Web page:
• I did not read Feynman, but based on the paragraph you quoted it looks like H-theorem, it was proved using classical mechanics and an indispensable assumption containing irreversibililty,i.e. the assumption of molecular chaos. In the quantum case the irreversibility comes from random phase assumption or decoherence. Either case H-theorem can't be derived solely form the dynamical equations. – Jia Yiyang Dec 27 '13 at 4:05
• Since you linked the wiki page, I just want to point out the quantum mechanical derivation given by the wiki page is at least misleading, if not wrong. Using Fermi golden rule as an approximation is neither the key of the derivation nor the source of irreversibility, you can check out Weinberg's QFT vol 1 for a derivation using only the unitarity of time evolution, while in fact the decoherence is assumed implicitly. – Jia Yiyang Dec 27 '13 at 4:20
• @JiaYiyang But doesn't "if a given system is in thermal equilibrium at some temperature, it will also be in thermal equilibrium with anything else at the same temperature" sound more like the zeroth law? You can look at the context here, by the way: www.feynmanlectures.caltech.edu/I_41.html – Keshav Srinivasan Dec 27 '13 at 7:00
• @Jia Yiyang: The golden rule does bring irreversibility into the derivation. Why do you think otherwise? Could you please give detailed reference ? (it is hard to wade through the whole book). – Ján Lalinský Dec 27 '13 at 10:09
• I do not know Boltzmann very well, however Gibbs' Statistical Mechanics does a pretty good job of proving thermal equilibrium as a generic thing (Zeroth law): page 36 (starting "The modulus Θ has properties analogous to those of temperature in thermodynamics.". – Nanite Feb 21 '14 at 22:32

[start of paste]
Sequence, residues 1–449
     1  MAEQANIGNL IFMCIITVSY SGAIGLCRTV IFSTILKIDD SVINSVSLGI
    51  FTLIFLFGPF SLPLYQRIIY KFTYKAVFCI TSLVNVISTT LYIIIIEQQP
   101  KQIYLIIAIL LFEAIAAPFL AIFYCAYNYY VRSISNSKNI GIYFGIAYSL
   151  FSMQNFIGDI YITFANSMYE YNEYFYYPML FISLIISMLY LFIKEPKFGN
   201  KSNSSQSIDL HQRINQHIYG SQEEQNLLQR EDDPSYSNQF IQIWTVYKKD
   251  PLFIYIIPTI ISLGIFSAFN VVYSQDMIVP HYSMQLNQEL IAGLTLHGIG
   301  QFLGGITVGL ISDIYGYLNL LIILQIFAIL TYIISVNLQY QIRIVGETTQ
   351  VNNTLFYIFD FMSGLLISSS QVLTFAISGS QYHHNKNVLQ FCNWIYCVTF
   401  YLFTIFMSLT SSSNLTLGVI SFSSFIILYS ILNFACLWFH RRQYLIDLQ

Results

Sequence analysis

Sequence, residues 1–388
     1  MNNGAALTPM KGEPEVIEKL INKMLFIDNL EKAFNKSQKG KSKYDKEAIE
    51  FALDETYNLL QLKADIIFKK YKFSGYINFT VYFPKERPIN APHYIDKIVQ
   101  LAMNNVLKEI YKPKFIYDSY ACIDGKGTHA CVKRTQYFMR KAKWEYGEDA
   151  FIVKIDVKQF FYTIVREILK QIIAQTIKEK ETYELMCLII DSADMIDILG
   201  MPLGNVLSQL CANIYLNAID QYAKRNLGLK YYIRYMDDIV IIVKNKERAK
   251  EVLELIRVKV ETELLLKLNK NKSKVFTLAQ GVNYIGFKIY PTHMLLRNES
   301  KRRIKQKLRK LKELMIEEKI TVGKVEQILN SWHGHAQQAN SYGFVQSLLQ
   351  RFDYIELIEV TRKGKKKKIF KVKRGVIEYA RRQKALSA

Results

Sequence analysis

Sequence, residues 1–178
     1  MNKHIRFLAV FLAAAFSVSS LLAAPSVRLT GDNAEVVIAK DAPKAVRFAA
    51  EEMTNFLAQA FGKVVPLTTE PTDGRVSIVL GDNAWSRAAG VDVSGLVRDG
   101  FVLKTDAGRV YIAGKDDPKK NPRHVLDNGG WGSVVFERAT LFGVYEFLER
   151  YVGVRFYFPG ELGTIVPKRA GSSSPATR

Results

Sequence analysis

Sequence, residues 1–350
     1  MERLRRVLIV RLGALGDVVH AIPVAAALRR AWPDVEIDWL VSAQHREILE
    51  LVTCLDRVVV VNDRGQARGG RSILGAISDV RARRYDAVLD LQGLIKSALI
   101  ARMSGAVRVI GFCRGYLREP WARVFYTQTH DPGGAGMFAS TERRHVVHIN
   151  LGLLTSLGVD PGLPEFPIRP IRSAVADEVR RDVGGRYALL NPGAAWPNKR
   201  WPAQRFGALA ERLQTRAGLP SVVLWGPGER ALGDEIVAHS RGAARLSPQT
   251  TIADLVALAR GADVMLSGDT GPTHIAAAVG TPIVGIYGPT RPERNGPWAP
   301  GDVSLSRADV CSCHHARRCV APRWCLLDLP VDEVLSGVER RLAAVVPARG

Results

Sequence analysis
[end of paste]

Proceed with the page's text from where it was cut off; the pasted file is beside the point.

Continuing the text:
## 1 Answer

I am very confident that Feynman is talking about the zeroth law of thermodynamics here.

Feynman is discussing the classical Brownian motion experiment of pollen grains swimming in water in terms of kinetic theory. However, kinetic theory is only valid in ideal gases, while in liquids there are many additional hydrodynamic effects. Feynman argues this doesn't really matter, since if the grain is in equilibrium with water, it might as well be in equilibrium with "a gas of pellets". This argument is based on the zeroth law of thermodynamics.

The zeroth law of thermodynamics, introduced by Boltzmann in his book on "Theory of heat", is indeed very complicated to proof from mechanical theory. A thorough mathematical proof has been published in 2012. I am not an expert enough to judge whether this proof is comprehensive or if it will be developed further. Also, I am not aware of the proof by Ludwig Boltzmann that Feynman mentions. A proof derived from quantum mechanics, on the other hand, is relatively straightforward and well known since the 1980s (see Gorini et al. 1984).

I don't think Feynman refers to the equipartition theorem or the H-theorem here. Feynman has already touched on the equipartition theorem in Chapter 39-4. In chapter 41-1, he goes into further detail and gives additional examples. He also mentions that "if a thing is once in equilibrium it stays in equilibrium". This observation is closely related with entropy and the second law of thermodynamics, but it is also the basic definition of equilibrium: The properties do not change over time. If they would, it wouldn't be an equilibrium. Feynman uses this for this ad hoc derivation of the zeroth law, but it is not the assumption he tacitly made earlier.